It is not good to think
of everything as a mistake. I asked
for bacon in my sandwich, and then
I asked for more. Mistake.
I told you the truth about my scar:
I did not use a knife. I lied
about what he did to my faith
in loneliness. Both mistakes.
That there is always a you. Mistake.
Faith in loneliness, my mother proclaimed,
is faith in self. My instinct, a poor polaris.
Not a mistake is the blue boredom
of a summer lake. O mud, sun, and algae!
We swim in glittering murk.
I tread, you tread. There are children
testing the deep end, shriek and stroke,
the lifeguard perilously close to diving.
I tried diving once. I dove like a brick.
It was a mistake to ask the $30 prophet
for a $20 prophecy. A mistake to believe.
I was young and broke. I swam
in a stolen reservoir then, not even a lake.
Her prophesy: from my vagrant exertion
I'll die at 42. Our dog totters across the lake,
kicks the ripple. I tread, you tread.
What does it even mean to write a poem?
It means today
I'm correcting my mistakes.
It means I don't want to be lonely.
Copyright © 2010 by Jennifer Chang. Used with permission of the author.
Since we’re not young, weeks have to do time
for years of missing each other. Yet only this odd warp
in time tells me we’re not young.
Did I ever walk the morning streets at twenty,
my limbs streaming with a purer joy?
did I lean from any window over the city
listening for the future
as I listen here with nerves tuned for your ring?
And you, you move toward me with the same tempo.
Your eyes are everlasting, the green spark
of the blue-eyed grass of early summer,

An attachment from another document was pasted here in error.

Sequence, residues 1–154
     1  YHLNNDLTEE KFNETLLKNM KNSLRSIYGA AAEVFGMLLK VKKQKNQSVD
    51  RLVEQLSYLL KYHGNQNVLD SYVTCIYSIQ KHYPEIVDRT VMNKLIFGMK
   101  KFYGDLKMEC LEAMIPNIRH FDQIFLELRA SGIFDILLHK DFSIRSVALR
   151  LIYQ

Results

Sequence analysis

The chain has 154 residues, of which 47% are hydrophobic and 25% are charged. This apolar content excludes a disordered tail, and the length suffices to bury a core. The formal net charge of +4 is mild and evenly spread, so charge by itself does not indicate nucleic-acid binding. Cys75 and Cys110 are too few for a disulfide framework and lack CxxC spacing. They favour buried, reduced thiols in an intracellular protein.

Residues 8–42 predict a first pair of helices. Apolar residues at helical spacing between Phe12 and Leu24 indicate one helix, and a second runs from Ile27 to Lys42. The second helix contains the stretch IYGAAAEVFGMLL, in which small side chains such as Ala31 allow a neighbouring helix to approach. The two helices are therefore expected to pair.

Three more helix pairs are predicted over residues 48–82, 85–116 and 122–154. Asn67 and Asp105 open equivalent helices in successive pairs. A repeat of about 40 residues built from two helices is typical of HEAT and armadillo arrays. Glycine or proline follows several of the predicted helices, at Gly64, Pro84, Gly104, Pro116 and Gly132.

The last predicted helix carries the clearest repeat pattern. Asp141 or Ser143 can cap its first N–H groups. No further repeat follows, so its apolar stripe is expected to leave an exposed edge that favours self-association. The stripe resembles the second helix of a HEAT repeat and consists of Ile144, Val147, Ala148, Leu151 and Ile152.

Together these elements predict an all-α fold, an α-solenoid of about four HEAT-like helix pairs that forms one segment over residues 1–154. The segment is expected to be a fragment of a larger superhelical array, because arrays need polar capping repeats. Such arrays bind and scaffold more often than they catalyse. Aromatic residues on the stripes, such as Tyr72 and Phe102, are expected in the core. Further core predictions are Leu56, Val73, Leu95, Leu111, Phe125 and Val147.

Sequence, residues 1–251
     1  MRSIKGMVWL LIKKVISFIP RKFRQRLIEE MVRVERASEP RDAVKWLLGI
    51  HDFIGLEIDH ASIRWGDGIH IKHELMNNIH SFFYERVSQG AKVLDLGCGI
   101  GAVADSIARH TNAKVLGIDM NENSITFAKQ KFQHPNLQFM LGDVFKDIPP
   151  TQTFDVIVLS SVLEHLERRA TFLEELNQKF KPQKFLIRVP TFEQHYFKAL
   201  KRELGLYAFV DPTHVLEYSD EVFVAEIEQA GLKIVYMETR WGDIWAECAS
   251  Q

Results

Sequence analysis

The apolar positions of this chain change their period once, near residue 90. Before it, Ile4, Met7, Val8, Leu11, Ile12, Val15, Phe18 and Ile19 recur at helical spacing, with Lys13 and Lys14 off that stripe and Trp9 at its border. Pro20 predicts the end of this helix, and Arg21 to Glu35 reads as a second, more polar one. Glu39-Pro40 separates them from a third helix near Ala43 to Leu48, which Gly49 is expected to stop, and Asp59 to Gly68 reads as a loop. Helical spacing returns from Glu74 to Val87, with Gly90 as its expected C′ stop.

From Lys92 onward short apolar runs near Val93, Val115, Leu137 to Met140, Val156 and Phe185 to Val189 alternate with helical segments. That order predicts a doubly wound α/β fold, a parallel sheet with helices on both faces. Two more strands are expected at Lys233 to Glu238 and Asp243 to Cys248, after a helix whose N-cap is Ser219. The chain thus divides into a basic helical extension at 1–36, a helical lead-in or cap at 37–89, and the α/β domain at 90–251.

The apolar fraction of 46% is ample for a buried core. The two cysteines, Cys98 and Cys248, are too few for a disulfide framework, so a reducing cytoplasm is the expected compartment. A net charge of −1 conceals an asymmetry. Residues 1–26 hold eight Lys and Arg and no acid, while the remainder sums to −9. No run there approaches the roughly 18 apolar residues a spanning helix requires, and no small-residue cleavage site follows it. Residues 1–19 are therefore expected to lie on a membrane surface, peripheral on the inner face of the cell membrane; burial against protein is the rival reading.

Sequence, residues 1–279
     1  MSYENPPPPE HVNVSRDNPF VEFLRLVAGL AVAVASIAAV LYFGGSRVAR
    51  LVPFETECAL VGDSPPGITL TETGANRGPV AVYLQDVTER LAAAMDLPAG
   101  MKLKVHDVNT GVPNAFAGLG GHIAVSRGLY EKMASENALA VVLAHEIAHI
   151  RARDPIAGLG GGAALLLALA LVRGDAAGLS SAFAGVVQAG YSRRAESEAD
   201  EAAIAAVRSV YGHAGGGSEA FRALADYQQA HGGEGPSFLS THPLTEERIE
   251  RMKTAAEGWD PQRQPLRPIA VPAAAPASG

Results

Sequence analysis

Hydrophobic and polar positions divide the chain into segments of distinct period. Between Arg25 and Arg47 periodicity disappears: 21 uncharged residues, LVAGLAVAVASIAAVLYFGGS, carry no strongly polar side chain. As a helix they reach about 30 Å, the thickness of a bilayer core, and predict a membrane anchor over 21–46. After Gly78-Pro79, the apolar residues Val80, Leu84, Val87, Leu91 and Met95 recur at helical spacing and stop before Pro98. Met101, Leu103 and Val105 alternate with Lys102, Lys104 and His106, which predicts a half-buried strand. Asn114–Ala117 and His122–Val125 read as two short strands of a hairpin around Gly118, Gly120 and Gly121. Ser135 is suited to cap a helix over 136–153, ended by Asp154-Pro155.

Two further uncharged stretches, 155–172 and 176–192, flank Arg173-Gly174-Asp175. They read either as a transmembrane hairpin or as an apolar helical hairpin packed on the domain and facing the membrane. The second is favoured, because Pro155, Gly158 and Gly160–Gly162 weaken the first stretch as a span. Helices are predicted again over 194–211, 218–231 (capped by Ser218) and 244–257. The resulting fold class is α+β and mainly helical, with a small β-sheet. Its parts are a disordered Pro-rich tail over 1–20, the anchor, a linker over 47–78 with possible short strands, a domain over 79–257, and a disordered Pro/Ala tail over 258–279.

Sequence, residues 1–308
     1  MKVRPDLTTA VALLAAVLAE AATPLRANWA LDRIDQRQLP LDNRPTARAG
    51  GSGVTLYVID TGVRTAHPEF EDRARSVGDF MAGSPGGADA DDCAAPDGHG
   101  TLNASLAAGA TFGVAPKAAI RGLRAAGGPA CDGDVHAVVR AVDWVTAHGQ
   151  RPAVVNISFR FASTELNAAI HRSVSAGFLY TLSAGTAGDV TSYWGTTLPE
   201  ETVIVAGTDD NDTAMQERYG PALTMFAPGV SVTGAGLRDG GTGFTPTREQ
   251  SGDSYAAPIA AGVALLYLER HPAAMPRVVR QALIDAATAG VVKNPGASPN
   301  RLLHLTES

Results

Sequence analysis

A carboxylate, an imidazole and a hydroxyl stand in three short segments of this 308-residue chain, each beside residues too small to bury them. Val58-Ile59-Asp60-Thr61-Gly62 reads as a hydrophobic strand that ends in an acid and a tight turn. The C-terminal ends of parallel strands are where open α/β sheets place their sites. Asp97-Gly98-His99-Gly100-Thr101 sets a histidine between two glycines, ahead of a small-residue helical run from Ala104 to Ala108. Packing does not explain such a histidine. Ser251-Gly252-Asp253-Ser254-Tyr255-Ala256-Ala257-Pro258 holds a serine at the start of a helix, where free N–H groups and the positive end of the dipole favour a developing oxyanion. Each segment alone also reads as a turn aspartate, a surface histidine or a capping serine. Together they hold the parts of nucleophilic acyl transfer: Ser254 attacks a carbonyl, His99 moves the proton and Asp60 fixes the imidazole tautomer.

the green-blue wild cress washed by the spring.
At twenty, yes: we thought we’d live forever.
At forty-five, I want to know even our limits.
I touch you knowing we weren’t born tomorrow,
and somehow, each of us will help the other live,
and somewhere, each of us must help the other die.
Poem III from "Twenty-One Love Poems," from The Dream of a Common Language: Poems 1974-1977 by Adrienne Rich. Copyright © 1978 by W. W. Norton & Company, Inc. Used by permission of W. W. Norton & Company, Inc.
Say tomorrow doesn’t come.
Say the moon becomes an icy pit.
Say the sweet-gum tree is petrified.
Say the sun’s a foul black tire fire.
Say the owl’s eyes are pinpricks.
Say the raccoon’s a hot tar stain.
Say the shirt’s plastic ditch-litter.
Say the kitchen’s a cow’s corpse.
Say we never get to see it: bright
future, stuck like a bum star, never
coming close, never dazzling.
Say we never meet her. Never him.
Say we spend our last moments staring
at each other, hands knotted together,
clutching the dog, watching the sky burn.
Say, It doesn’t matter. Say, That would be
enough. Say you’d still want this: us alive,
right here, feeling lucky.